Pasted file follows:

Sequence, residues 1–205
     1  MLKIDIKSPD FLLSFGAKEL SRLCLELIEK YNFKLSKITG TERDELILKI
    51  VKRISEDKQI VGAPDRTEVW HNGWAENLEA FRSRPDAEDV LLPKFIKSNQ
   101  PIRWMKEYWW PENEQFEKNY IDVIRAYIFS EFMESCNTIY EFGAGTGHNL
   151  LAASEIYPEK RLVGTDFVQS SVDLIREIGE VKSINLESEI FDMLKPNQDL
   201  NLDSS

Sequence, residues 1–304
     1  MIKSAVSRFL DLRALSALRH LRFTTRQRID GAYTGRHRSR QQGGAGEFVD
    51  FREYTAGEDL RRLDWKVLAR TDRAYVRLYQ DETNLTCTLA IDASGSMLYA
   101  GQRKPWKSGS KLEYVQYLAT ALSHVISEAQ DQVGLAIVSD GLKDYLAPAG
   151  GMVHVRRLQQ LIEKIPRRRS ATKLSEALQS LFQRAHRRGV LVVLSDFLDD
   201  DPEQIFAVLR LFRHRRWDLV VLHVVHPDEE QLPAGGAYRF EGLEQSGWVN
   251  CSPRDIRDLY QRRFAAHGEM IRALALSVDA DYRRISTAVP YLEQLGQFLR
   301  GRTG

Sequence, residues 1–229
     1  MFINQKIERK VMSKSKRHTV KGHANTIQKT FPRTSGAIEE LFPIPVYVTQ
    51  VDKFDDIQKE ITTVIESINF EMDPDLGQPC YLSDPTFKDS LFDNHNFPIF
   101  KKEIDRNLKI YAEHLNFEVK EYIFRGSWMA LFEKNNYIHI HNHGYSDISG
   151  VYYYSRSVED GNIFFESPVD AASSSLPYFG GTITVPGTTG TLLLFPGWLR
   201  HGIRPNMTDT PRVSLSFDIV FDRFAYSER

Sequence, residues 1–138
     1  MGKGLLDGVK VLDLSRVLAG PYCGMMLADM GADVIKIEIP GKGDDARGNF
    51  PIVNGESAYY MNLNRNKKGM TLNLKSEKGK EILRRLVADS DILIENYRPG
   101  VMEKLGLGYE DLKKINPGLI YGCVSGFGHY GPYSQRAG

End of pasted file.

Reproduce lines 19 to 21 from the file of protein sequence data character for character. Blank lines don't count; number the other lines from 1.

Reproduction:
   151  VYYYSRSVED GNIFFESPVD AASSSLPYFG GTITVPGTTG TLLLFPGWLR
   201  HGIRPNMTDT PRVSLSFDIV FDRFAYSER

Sequence, residues 1–138